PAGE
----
Big Boys Toys: On ya Bike!
With the Grand Depart of the 2014 Tour de France in Yorkshire and longer, lighter days here at last there’s never been a better time to get out and ride.
British cycling has been enjoying an upsurge of success thanks to Olympic and Tour de France triumph. So, to keep with the patriotic theme our resident lycra expert Martin Kersey – a qualified mountain bike leader and former bike mechanic – gives you the low down on three British bikes to tempt you out of the kitchen and onto the open road.
Boardman Road Sport 2014 – £499
Chris Boardman’s range of bikes has gained a reputation for both performance and great value. Solid, comfortable and specced with reliable components that won’t let you down. The range includes; mountain, commuter, road and cyclocross bikes at just about every price and most have a women’s specific version too.
The Road Sport is very versatile, capable of a work commute, blasting out big miles on your day off or even a Sportive event, it has eyelets on the frame which allow for fitting mudguards and a pannier rack for light touring if you so wish.
It has a lightweight aluminium frame which features curved seat stays designed to flex and improve comfort. Comfort has also been considered with the 25mm tyres, rather than the usual 23mm. The seat features a decent amount of padding and there’s plenty of spacers to enable you to get the handlebar height just right.
The 16-gears will help get you up all but the steepest of hills and the Tektro dual-pivot brakes provide plenty of stopping power for on the way down.
Hoy Shizuoka .001 City Bike – £550
Flat-bar bikes, sometimes referred to as urban, commuters or hybrids, eschew the traditional drop bars to allow a more upright riding position. A flat or straight handlebar reduces the number of hand positions you have; drop handlebars have 3 – the tops, the hoods of your brake levers and the drops for when you’re putting the hammer down or trying to reduce the impact of headwind. You can add another position to your flat-bars by adding bar ends which can assist on climbs or just let you change position for comfort reasons from time to time.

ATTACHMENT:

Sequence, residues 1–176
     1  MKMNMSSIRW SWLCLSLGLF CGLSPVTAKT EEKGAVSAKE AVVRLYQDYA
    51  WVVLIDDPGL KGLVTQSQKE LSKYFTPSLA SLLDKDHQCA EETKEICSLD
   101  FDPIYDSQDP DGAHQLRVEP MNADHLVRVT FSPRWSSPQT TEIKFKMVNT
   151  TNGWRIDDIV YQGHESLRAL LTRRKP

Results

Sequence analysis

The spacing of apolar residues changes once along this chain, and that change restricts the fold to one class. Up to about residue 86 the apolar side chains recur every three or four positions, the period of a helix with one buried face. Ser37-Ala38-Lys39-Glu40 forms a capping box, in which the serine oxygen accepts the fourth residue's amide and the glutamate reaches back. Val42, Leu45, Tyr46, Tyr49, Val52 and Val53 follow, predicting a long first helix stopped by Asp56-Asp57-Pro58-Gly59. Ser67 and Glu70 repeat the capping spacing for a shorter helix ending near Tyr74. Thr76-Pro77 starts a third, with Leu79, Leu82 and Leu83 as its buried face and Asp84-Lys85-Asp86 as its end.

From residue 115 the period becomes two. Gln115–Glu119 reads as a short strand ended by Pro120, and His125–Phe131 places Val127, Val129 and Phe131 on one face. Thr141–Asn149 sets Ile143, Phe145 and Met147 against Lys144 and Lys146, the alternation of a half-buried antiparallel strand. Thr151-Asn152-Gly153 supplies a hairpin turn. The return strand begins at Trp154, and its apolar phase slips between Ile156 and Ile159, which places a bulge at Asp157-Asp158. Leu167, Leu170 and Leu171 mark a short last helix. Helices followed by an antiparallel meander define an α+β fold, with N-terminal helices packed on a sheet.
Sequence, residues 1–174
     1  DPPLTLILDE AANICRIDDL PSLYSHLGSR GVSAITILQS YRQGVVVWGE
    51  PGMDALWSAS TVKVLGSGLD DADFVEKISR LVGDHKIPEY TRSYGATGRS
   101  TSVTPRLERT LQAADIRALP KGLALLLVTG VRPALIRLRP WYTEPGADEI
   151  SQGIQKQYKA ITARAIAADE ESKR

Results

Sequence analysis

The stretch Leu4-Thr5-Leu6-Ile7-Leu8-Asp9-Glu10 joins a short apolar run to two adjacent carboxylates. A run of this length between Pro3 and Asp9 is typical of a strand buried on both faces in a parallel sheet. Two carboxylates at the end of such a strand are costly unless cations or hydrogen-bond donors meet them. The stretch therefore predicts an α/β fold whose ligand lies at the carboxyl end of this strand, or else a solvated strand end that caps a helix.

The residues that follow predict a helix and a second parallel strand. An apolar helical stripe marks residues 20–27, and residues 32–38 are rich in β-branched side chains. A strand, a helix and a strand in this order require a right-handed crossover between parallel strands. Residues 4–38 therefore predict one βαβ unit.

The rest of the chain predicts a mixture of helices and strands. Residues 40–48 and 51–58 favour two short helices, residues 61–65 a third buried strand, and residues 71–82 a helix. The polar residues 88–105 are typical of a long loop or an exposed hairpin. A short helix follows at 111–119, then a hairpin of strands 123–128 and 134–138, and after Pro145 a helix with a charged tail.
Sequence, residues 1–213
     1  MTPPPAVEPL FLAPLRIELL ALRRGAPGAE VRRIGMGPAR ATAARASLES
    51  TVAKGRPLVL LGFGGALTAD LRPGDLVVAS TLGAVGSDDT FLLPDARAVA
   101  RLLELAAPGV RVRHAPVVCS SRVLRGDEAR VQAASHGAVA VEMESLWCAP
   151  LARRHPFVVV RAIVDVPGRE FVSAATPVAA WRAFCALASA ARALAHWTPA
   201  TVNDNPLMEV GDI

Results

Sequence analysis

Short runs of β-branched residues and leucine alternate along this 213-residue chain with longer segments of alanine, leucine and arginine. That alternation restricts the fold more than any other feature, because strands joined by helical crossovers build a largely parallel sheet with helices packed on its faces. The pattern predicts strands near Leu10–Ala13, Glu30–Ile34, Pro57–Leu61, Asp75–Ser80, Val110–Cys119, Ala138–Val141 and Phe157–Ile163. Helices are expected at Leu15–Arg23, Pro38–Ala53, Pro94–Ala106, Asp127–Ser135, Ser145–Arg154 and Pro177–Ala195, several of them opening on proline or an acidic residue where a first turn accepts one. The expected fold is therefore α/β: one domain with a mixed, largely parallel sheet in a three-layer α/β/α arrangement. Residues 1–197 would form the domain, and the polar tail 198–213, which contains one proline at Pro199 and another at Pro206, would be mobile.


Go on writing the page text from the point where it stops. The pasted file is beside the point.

The Hoy range has been designed to be above all else, fun. Sir Chris Hoy set this as the most important aspect before his bikes were designed, because he wants more people riding bikes. Distributed by Evans Cycles, its staff are trained to be specialised “Hoy bike fitters” making sure you leave the store with the bike set up perfectly for you.
The Shizuoka .001 is the cheapest in a range of four city bikes and is designed to be versatile. It features a lightweight, triple-butted aluminum frame and fork, enough to take on rough roads, towpaths and gravel tracks – although you’ll want tyres with more tread on if you’re venturing off the tarmac regularly or in muddy conditions.
The frame gives a zippy ride and eggs you on to go faster, luckily there’s a set of powerful hydraulic discs to ensure you come to a swift and controlled stop.
Although it only has eight gears, the ratios have a reasonable range suitable for commuting or a leisurely ride. If you want to up the pace, or go touring upgrade to the Shizuoka .003 which has an extra chainring up front and a 10-speed wide range cassette at the back. The .003 also has a full carbon fork which is lighter and stiffer, and will absorb more imperfections in road surface.
Genesis Day One Alfine 8 – £999
Genesis is part of a much bigger family of brands which include, Ridgeback and Saracen who have been making hybrid and mountain bikes for over two decades, and is stocked by many independent bike shops and the Evans Cycles chain.
Reliable and versatile the Day One will take whatever you throw at it. Part of the “Urban Cross” collection it’s a low maintenance, adaptable, and perfect as a bike for all seasons.
Featuring a Reynolds steel frame, disc brakes and an 8-speed hub gear the bike can stand up to plenty of neglect and abuse so it’s suitable for commuting, touring or even light off-road duties.
The tyres are a generous 32mm wide and along with the natural flex of the steel frame and fork allow the bike to easily absorb the bumps and potholes of poorly surfaced roads and lanes.
The Madison Prime seat never leaves the rider sore and the Hayes disc brakes give you plenty of stopping power, whatever the conditions and, even if you are fully loaded up for touring. A tough 32-spoke wheelset keeps everything rolling straight and true.
And now to the hub gears; technology has moved on since Sturmey Archer 3 speeds and the Shimano Alfine hub has proven itself to be a reliable and efficient drivetrain in recent years. The eight ratios are spread quite widely and give a similar range of gears to the Boardman. You can even change gear when you’re stationary unlike on a traditional derailleur set up.
If you hanker for more gears or have a bigger budget then there’s a higher spec version with an 11-speed hub, an electronic shifter and a lighter steel frame available for £2,199.